KANSAS CITY, Mo. — A new law in Missouri giving seniors tax relief took effect Monday, Aug. 28. The law, known as Senate Bill 190, impacts income and property taxes.
Social security recipients will no longer have to pay income tax on their social security benefits beginning in 2024.
The law also gives counties the option to offer social security recipients a break on property taxes. The law essentially freezes a senior’s property assessment so their tax bill does not increase as assessments typically increase in value. This will allow more seniors, many of whom are on fixed incomes, to age in place at their homes.
The law only provides the tax credit for an eligible property owner's primary residence.
“Retirement is on the horizon, so I would be better able to budget our money,” said Mona Wenger, a Lee’s Summit resident.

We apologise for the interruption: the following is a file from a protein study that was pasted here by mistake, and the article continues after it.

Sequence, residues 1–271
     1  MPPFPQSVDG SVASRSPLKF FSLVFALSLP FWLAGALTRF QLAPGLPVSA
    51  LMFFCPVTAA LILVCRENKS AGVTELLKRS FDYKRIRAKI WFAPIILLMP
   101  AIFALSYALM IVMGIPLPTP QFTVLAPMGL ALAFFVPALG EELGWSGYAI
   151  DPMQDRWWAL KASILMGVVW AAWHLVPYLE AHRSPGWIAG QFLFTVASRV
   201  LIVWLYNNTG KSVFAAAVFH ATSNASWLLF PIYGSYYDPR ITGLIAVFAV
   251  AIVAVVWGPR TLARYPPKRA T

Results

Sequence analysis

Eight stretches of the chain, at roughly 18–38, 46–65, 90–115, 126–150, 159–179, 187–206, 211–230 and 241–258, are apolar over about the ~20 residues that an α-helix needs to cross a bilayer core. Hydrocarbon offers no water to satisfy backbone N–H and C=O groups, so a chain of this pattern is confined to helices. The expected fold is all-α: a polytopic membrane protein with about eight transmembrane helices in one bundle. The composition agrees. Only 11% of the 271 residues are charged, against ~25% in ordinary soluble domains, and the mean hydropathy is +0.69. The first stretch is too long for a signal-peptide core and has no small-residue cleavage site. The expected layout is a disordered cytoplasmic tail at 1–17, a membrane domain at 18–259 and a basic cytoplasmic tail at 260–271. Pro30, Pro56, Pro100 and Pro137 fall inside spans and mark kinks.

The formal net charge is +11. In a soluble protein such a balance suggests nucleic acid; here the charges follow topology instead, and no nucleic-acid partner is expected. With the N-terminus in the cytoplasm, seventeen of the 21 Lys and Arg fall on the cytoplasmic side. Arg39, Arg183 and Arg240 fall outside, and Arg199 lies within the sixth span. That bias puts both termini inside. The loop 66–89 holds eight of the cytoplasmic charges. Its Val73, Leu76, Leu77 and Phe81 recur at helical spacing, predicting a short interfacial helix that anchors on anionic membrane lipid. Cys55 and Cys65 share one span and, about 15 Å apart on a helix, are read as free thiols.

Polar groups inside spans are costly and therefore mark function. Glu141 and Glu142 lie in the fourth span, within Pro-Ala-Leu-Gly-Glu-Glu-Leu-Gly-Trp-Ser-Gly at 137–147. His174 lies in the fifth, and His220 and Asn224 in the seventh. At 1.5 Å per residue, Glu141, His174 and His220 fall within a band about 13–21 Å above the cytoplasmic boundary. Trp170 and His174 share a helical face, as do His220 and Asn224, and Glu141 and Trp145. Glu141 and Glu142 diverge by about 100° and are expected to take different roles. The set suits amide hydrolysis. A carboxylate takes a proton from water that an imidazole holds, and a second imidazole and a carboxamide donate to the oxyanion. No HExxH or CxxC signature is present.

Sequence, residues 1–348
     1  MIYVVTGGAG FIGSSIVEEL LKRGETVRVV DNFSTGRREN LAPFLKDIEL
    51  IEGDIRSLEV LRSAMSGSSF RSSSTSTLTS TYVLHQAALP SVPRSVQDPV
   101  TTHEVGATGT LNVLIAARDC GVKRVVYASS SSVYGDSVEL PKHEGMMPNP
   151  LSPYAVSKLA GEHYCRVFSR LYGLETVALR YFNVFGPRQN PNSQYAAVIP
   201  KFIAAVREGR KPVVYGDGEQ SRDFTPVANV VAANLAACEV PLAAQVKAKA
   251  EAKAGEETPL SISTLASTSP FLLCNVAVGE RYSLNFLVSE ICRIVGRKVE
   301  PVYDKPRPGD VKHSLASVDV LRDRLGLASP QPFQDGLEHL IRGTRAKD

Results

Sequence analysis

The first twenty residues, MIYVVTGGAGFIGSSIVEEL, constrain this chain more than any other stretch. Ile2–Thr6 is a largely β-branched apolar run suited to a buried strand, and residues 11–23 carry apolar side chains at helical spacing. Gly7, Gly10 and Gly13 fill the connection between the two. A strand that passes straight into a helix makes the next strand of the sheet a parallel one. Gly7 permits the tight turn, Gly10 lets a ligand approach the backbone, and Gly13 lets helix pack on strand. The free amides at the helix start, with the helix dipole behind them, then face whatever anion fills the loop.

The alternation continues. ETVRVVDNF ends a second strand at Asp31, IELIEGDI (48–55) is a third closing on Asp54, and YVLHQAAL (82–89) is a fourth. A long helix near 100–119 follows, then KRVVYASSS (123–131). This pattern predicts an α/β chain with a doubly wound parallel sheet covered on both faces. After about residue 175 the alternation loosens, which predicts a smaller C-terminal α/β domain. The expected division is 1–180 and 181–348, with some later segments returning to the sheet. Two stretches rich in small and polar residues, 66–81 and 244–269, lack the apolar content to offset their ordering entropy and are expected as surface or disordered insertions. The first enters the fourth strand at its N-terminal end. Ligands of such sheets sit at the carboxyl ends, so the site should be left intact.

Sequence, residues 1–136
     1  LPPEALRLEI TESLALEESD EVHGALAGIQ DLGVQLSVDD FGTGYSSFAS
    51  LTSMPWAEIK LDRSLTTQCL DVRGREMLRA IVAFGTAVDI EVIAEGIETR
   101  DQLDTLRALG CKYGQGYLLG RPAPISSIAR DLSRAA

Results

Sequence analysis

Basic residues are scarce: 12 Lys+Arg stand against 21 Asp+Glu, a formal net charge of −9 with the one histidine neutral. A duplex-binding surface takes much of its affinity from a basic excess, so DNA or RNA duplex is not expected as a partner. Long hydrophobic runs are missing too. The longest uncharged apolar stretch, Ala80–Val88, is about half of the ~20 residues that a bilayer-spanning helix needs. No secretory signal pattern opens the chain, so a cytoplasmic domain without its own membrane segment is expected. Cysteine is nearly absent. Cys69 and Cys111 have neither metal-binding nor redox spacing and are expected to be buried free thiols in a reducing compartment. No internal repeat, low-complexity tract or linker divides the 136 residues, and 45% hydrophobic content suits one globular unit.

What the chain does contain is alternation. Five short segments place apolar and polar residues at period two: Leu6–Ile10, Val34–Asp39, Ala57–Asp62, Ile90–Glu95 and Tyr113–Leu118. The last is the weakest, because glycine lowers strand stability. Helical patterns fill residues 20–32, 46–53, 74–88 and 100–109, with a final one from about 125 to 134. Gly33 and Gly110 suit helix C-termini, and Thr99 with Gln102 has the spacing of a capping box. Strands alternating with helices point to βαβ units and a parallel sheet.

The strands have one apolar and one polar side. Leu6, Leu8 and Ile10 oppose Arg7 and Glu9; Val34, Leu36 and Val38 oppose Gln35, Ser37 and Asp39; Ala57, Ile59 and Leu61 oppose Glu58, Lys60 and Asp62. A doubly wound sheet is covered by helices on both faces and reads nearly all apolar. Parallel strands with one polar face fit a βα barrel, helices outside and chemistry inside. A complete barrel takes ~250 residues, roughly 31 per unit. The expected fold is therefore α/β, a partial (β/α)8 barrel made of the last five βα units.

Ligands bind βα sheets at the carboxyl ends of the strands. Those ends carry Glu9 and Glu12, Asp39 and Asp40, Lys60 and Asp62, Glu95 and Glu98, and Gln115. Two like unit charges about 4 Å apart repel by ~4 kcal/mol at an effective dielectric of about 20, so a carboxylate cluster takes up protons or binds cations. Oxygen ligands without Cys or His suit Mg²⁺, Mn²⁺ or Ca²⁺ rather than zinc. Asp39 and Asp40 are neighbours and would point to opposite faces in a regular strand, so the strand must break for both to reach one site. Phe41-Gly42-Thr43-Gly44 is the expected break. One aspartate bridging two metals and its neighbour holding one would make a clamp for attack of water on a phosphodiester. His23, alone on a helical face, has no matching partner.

Most Americans are eligible for social security benefits at age 62.
But some teachers, firefighters and other public employees do not collect social security benefits because they have pensions instead, so the bill does not apply to them.
Here’s where counties in the Kansas City metropolitan area stand on whether to opt into the law:
The county executive suggested hiring a consultant to find an equitable way to roll out the law’s benefits. Meanwhile, county legislators have proposed two separate ordinances (5774 and 5787) to implement the state law.
The Clay County Commission continues to research the new law. Leaders have questions about how to best implement the law.
Commissioners in Platte County are interested in opting into the law.
Commissioner Dagmar Wood is leading a working group to hire staff and create an application process for seniors. Wood believes the earliest seniors might benefit is 2024.
If elected leaders do not opt into the law, residents in a county can gather signatures to put the question on a ballot for voters to decide whether to opt in.